Decision Making

Decision making is an important aspect of our lives. Cognitive psychology is concerned with how people make decisions and what these processes reveal about the underlying cognitive processes. Decision making is extremely complex because there are so many options and dimensions to consider, and each decision has a major impact on our lives.
Decision making approaches:
  • Compensatory Model
    • Consider pros and cons of each alternative. Attractive dimensions may compensate for unattractive dimensions
    • Problems: labor intensive, memory intensive (probably only done for major life choices that have relatively few alternatives for them)
  • Elimination by aspects
    • Decision is made by gradually eliminating less attractive choices. Seen in situations where one is overwhelmed by choices; used by committees, graduate school admissions, GPA, GRE scores, letters of rec
    • Problem: people aren’t frequently overwhelmed by choices (four marriage proposals in one week), so people do eliminate by aspects, but probably not frequently
    • Decision is made by multiplying the value of events by their probability of occurring
    • Example:
      • You can buy a ticket to participate in one of the following:
        • 20% chance of winning 200 = EV 40
        • 50% chance of winning 100 = EV 50
        • 33% chance of winning 300 = EV 100
        • 10% chance of winning 1000 = EV 100
      • Which would you choose? People should break evenly with 3 and 4. Something about #2 makes it seem attractive for people for some reason. It does make very clear predictions about decision making allowing it to be tested. Usually results don’t support the theory.
    • Used to calculate the probability of intelligent life existing elsewhere.
    • Problems: difficult to estimate the probability of uncertain events, computationally complex, consistently fails to predict behavioral data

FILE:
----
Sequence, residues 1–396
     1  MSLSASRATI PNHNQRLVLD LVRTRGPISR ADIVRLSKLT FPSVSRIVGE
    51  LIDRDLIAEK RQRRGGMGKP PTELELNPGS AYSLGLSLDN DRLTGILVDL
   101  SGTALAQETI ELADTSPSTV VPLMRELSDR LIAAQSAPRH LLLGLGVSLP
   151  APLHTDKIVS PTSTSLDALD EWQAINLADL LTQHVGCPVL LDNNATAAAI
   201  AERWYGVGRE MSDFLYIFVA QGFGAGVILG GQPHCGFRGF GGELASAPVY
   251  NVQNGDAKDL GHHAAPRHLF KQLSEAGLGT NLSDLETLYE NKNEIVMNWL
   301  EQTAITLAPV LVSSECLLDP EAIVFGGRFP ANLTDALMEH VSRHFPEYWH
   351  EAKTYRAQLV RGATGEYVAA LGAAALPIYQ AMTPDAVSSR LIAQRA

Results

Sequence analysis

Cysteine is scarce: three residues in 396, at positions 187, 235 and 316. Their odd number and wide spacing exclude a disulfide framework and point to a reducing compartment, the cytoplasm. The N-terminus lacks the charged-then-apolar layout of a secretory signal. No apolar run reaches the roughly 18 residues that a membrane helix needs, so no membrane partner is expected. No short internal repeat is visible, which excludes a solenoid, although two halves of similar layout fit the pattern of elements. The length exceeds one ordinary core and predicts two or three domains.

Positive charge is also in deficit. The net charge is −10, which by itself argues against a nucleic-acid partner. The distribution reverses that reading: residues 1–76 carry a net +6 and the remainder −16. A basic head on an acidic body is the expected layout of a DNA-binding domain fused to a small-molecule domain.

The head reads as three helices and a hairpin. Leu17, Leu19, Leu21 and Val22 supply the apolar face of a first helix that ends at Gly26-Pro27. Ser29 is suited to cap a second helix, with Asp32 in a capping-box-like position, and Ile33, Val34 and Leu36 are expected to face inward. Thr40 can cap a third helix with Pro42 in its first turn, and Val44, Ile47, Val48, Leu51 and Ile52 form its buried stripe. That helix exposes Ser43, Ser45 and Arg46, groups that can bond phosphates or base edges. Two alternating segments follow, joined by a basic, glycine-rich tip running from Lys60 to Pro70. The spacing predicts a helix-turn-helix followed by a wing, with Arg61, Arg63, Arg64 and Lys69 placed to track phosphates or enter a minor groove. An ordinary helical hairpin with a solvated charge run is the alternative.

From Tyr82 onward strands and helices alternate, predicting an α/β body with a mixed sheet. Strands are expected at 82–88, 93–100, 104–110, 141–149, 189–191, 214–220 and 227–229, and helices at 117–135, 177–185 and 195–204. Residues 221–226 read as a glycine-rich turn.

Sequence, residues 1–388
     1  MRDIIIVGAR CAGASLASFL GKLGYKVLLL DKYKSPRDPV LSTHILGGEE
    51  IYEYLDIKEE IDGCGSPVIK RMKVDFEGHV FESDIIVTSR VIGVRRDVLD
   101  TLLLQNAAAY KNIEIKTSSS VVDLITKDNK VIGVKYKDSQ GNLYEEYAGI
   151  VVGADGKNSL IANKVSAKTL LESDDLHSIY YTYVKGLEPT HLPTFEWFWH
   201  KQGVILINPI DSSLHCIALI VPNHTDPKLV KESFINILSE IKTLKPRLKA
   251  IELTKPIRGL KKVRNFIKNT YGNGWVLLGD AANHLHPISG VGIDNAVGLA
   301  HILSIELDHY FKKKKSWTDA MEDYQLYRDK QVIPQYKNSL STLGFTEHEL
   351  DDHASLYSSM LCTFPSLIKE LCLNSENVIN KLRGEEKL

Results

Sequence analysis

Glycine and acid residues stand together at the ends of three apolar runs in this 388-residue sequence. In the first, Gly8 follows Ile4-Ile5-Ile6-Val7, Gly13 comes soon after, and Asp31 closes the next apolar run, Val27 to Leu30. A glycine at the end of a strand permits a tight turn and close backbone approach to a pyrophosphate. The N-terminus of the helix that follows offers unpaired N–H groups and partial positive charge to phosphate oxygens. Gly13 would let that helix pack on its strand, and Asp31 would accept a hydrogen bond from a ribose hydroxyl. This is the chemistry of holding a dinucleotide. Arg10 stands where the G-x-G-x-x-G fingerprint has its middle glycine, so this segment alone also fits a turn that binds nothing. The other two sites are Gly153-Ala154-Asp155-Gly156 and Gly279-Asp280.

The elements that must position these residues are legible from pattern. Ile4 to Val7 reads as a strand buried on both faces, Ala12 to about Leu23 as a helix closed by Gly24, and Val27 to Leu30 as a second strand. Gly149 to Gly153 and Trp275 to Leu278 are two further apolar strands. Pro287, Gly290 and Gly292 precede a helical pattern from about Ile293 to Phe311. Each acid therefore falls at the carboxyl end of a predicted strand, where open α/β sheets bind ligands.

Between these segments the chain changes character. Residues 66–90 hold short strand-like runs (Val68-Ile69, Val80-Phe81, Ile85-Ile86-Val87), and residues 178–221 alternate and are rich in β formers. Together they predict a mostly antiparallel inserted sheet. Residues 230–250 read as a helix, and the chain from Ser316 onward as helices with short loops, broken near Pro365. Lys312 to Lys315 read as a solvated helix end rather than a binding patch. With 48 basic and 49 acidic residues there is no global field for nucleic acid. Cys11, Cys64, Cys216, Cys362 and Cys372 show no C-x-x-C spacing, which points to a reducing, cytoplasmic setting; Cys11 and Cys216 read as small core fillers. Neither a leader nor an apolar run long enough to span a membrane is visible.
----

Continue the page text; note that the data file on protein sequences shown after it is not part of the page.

• People seem to like alternative 2 in the example (50% chance of winning 100) because it provides the greatest chance of winning something. But the expected value model doesn’t take this into account. Could it be revised to do so?
  • Subjected Expected Utility (SEU)
    • Modified version of expected value model: subjective values replace actual values, subjective probabilities replace actual probabilities.
    • So the 50% chance of winning would receive more weight than the 10% chance
    • Problems: still difficult to estimate the probability of events, still computationally complex
  • These four models all assume that people make rational decisions about the evidence at hand. Maybe this isn’t true.
Alternative was proposed by Kahneman and Tversky in the early 1970s.
Led to Nobel Prize in economics for Kahneman in early 2000’s. You have to be living in order to receive the prize and there is not a Nobel Prize in Psychology.
    • People don’t think about probability or statistics when making decisions under uncertainty. Rules have never been learned in the first place or rules are known, but not applied (computationally complex).
    • Instead people rely on simple mental shortcuts, called a heuristic. These heuristics lead to predictable biases in the decision making process.
    • Review several of these heuristics, and the biases they cause.
        • Making judgments about probability: (It rained yesterday. What is the probability that it will rain today? What is the probability that someone is republican?)
        • Heuristic: Does A resemble B?
        • Representativeness is not influenced by several factors that should affect judgments of probability: insensitivity to prior probability of outcomes (people fail to take base rates into consideration).
      • Insensitivity to Sample Size
        • Small samples contain more extreme values than large samples. Called the law of large numbers. As sample size increases, its mean will move closer to the population from which it is drawn (called the central limits theorem).
        • Picture below illustrates the central limits theorem.
        • Most people aren’t formally taught the principles of probability….and if you learn them in college, the Heuristic of Representativeness is already deeply ingrained. Even research psychologists show the same biases as those without training in probability.
      • Misconceptions of Chance and Randomness
        • Local representativeness is the belief that a sequence should retain its essential characteristics, even when it is short. Leads to gambler’s fallacy (viewing chance as a self-correcting process).
        • Randomness
        • People are very bad at generating strings of random numbers. They avoid runs (the same thing happening more than twice in a row) where the same number appears consecutively. 39451777723. Runs are common even in short random sequences.

In image above, the output of flipping a coin and landing on either blue or red are shown. You can see how at the beginning the proportion of blue to red is very extreme, but it balances out as sample size increases.

Related articles

Leave a Reply

Your email address will not be published. Required fields are marked *